Howdy Friends! It had been a long day. Not as hot a the past few weeks, but warm enough to work up a sweat. This stretch of fence hadn’t been neglected, but Grandpop had not given it the attention it should have had. For about 20 years now.

It wasn’t my normal practice to go out of my way to help Grandpop build fence. I’d had enough of that in my youth. So when the subject came up at Sunday dinner, and all of my deaf ear tricks failed, I knew I’d been conscripted.


“See ya Saturday, Son.” Grandpop had sent us off Sunday evening. And I knew I’d better dig out old jeans and gloves, and drift in.

For the past few months I’d been devoting most of my Saturdays to a young fella who was wrestling with a rough patch. His daddy had left, and his mother had her hands full. She’d mentioned at church her son could benefit from a little direction, and came right out one Sunday and asked me to check in with him. My wife and I took him home that Sunday with us. Just overnight. We dropped him off at school the next day, and planned on a Saturday get together.

We fell into a nice little routine of Saturday visits. Mowed the lawn together. I drove the tractor, he pulled weeds along the garden fence. That’s how that sort of thing should play out. A few weeks back I supervised while he painted the porch roof. That turned out to be a hoot.

One Saturday we practiced holding down the stream bank, our feet propped up on a fat log. Waiting for the fish to bite. We even landed a catfish one time.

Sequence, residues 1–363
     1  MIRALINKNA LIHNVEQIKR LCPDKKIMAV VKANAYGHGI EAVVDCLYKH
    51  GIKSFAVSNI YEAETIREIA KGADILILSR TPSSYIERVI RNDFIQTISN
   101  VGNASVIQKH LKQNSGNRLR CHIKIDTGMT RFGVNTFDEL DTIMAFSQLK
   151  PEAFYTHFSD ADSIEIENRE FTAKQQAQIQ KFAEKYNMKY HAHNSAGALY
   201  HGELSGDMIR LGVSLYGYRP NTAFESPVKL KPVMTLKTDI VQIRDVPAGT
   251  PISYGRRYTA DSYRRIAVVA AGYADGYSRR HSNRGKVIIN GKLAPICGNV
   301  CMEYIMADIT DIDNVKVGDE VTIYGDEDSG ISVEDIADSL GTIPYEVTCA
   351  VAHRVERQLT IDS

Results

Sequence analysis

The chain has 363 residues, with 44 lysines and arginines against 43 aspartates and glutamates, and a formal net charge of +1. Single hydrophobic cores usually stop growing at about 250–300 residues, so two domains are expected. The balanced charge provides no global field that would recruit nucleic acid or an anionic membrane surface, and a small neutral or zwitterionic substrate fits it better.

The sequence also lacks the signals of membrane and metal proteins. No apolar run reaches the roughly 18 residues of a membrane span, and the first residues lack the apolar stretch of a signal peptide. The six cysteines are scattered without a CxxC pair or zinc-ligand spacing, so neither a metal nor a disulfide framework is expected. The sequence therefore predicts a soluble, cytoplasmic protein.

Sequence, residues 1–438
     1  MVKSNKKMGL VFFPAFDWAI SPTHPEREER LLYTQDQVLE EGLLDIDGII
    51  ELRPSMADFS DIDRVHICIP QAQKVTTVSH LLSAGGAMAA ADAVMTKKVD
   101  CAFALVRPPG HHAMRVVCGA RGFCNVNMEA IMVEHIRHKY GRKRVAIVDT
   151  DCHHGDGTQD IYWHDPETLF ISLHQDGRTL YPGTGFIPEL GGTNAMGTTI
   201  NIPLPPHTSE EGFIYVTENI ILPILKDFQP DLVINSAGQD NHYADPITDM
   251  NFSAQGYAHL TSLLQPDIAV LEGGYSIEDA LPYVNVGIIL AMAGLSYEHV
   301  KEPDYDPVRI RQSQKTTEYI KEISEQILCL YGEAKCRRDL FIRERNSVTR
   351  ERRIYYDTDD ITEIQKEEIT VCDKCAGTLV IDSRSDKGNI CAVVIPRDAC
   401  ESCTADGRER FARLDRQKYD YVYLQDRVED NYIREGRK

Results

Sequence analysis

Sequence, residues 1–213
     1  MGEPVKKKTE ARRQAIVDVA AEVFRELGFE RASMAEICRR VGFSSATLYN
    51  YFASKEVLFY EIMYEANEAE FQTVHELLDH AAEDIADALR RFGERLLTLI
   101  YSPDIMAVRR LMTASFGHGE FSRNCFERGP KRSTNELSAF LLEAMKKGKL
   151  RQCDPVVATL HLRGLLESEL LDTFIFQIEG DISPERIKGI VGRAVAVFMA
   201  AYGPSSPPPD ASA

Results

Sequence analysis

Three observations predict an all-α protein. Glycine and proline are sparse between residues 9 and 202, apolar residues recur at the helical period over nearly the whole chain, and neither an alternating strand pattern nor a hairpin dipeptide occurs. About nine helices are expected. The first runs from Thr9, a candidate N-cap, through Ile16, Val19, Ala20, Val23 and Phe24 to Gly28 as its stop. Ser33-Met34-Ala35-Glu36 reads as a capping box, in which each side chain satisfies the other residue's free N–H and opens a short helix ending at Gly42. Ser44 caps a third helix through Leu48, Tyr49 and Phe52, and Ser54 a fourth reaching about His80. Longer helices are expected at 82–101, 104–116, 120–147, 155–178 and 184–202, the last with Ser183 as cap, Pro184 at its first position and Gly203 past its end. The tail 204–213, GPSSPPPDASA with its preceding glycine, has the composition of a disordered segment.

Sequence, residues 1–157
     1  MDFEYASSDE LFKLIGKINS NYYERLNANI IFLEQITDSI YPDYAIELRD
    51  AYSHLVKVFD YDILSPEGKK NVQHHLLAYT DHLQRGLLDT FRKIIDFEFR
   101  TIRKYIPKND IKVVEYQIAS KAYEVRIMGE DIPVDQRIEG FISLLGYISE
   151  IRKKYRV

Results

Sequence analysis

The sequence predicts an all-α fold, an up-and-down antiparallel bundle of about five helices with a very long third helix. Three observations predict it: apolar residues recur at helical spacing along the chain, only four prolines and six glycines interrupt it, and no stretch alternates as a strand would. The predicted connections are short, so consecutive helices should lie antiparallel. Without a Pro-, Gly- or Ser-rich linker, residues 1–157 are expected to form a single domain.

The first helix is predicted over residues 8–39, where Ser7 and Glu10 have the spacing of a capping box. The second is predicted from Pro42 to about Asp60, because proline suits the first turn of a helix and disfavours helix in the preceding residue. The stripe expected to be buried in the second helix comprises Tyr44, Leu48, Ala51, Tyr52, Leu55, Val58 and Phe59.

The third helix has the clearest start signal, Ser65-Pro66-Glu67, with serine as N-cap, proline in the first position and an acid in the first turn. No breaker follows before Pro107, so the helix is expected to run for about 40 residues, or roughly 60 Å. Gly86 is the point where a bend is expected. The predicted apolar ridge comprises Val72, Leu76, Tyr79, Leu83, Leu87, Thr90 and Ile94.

We discussed things of importance as we worked and outsmarted fish. And in time the lad opened up to me with his struggles. And we could see inside the lad was good kid who was a little confused about the paths life offers. Nothin’ most young ‘ins don’t wrestle with. And something we adults are commanded to help direct.

So when Grandpop drafted me to help reset that old stretch of fence. Well I naturally drafted the boy.

We arrived early. Needed breakfast and coffee to jump start. And we set out for the back end of the ranch. We could have used Grandpop’s old truck to haul the posts, wire and tools. But Grandpop figured it would be good for the lad to try his hand at driving a team. So half the morning was spent hitching up. We’ll just leave the talk about how the drivin’ went for another visit. But eventually we got to the fence, and went to work.

It was about two hours after lunch, and about fifty yards and fifteen posts into the fence when we sat down under a grand oak for a sweet tea break. “How long are we going to work at this?” The lad asked as he admired the neat little rows of blisters on his hands.

“That ol’ post bar will sure raise a few of them blisters, won’t it?” Grandpop chuckled.

The boy had to grin back. “Fishin’ isn’t as hard on my hands.”

“Now that’s the truth!” Grandpop agreed.

The boy put on a solemn face. He looked Grandpop dead in the eye. “Why is everything so hard?”

“Hard?” Grandpop tossed him a sideways grin. “Makin’ fence?”

The lad walked to the wagon. Pulled out a post from the pile. “Not really talking about the fence.”

“Ahhh. I see. You mean figurin’ out the this and the that’s of life.” Grandpop helped tug on the stubborn post.

“I think that’s what I mean.” The boy said.

“Well, son, I don’t think I’m smart enough to answer that.” Grandpop looked up along the new stretch of fence. “The way it seems to me, God gives us the post hole digger. It’s up to us to dig the holes.”

~ Gitty Up, Dutch.


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